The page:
Whether it's breweries, cideries, distilleries or wineries, New York's farm-based beverage industry is rapidly growing.
Gov. Andrew Cuomo said Monday that the number of licenses issued for farm-based breweries, cideries, distilleries and wineries has increased increased 72 percent since he took office in 2011.
"The tremendous growth in the farm-based beverage industry over the past three years is a testament to how state government is creating new economic opportunities for local businesses to grow and thrive," Cuomo said in a statement.
The state has 26 licensed farm breweries and there are more than a dozen applications awaiting review, according to Cuomo. The number of microbreweries in New York has increased from 40 three years ago to 93 operating in the state today. There are now 23 restaurant brewers operating in the state, up from 10 in 2011.
Cuomo attributes the growth to a law adopted in 2012 that requires producers to use locally grown farm products when manufacturing beer in order to receive a farm brewery license. If the brewers abide by the terms of the license, the beers are designated "New York state labeled beer."
New York State Brewers Association Executive Director Paul Leone said through the state's support and efforts like Taste NY, which promotes New York-made beverages and food products, the craft brewing industry has been able to grow over the past three years.
"This is a unique state government both in terms of vision and policy, and we are proud to have them as partners in our success," Leone said.
Farm-based breweries aren't alone. There are now 273 farm wineries in New York, up from 195 in 2011. The state is also home to 51 farm winery branch offices and 73 wineries, up from 29 and 55 in 2011, respectively.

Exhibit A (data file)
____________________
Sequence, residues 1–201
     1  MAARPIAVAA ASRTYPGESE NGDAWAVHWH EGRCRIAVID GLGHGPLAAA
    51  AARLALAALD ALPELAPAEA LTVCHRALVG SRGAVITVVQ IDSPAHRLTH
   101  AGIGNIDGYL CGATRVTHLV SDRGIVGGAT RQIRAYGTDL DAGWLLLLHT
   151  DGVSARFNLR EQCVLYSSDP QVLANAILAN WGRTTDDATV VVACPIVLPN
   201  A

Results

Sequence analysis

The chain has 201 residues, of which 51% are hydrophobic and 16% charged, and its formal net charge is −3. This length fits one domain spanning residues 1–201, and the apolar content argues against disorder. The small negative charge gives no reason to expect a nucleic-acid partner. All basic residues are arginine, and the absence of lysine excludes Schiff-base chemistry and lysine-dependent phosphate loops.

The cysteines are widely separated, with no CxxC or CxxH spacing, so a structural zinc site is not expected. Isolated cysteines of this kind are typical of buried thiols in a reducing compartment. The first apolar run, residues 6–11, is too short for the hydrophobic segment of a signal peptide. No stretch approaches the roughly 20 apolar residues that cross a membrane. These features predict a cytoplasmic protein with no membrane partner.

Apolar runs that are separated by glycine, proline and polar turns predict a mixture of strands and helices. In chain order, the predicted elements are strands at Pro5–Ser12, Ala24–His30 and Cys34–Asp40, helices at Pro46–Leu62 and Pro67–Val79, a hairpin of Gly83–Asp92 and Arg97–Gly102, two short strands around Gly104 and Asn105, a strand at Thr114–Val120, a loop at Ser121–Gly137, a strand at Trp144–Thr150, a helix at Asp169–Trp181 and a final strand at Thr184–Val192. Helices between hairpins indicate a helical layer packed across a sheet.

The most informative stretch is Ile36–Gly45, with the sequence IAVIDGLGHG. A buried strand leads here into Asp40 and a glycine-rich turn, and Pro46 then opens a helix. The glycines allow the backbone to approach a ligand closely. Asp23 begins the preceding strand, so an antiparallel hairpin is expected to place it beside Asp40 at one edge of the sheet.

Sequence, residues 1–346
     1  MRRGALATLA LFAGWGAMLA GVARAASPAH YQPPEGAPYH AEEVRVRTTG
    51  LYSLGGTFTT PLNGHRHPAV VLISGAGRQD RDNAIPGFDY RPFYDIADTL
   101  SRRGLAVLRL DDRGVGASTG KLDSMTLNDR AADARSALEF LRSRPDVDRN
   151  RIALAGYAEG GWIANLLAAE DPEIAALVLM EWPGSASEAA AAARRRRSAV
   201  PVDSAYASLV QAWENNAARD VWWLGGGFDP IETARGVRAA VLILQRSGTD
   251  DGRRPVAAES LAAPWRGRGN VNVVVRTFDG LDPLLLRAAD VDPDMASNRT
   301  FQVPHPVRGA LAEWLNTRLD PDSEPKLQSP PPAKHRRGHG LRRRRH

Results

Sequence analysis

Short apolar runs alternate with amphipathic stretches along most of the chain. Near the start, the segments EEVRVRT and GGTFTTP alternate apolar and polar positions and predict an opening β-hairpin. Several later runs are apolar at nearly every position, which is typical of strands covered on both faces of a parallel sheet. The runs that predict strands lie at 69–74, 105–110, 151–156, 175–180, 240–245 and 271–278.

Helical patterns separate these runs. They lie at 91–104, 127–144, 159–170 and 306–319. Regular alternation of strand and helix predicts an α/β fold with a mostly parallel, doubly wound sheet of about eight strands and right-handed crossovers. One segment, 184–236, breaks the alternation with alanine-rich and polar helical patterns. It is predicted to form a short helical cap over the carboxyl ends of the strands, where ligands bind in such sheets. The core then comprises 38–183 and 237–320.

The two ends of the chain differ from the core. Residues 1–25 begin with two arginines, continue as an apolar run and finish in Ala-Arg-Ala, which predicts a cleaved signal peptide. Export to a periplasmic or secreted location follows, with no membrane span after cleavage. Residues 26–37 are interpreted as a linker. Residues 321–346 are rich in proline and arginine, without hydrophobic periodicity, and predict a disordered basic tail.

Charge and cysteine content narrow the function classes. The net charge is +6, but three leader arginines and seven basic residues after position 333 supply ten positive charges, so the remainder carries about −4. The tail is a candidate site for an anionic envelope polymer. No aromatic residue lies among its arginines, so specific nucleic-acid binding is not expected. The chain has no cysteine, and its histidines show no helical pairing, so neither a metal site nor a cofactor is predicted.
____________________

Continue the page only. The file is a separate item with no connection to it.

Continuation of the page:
"The acceleration of wine industry growth did not happen by chance, but by design," New York Wine and Grape Foundation President Jim Trezise said. "Just as the ripening of grapes is accelerated by warm, sunny weather, the growth of our industry has been accelerated by a sunny business climate created by Governor Andrew Cuomo and his administration.
"Changes in laws and regulations, coupled with business-friendly approaches at key agencies, have created new confidence and excitement in the wine industry and the state Liquor Authority's expedited licensing has given us a great boost."
Cuomo also touted growth in the number of cideries and farm distilleries. There were five hard cider producers operating in New York three years ago. Today, there are 22. And while there were only 10 farm distilleries and 14 class A and B distilleries back in 2011, there are now 42 farm distilleries and 33 class A and B distilleries operating in the Empire State.
While the state has adopted laws to help boost breweries, cideries, distilleries and wineries in New York, one key development was Cuomo's Wine, Beer and Spirits Summit.
The summit, which was held in Oct. 2012 in Albany, brought leaders from around the state to discuss issues important to the beverage industry. The summit led to the creation of Taste NY, which is a state initiative promoting New York beverages and food.
The beer and wine summit also led to some regulatory changes, including allowing craft manufacturers to sell bottles of beer when they host tastings, eliminating a $400 permit for farm brewers and distillers, allowing one-day special event permits for craft brewers and cider producers, among other changes.
The New York State Liquor Authority has also assisted in the effort by processing licenses faster. Before Cuomo started his term as governor, the review process for an average license application would take 102 days and there was a backlog of 750 applications.
Now, the backlog has been reduced to 14 applications and the review process, on average, takes 61 days.
UPDATE: In this video clip provided by Gov. Andrew Cuomo's office, Deputy Secretary for Food and Agriculture Patrick Hooker comments on the increased number of farm-based beverage licenses issued since 2011.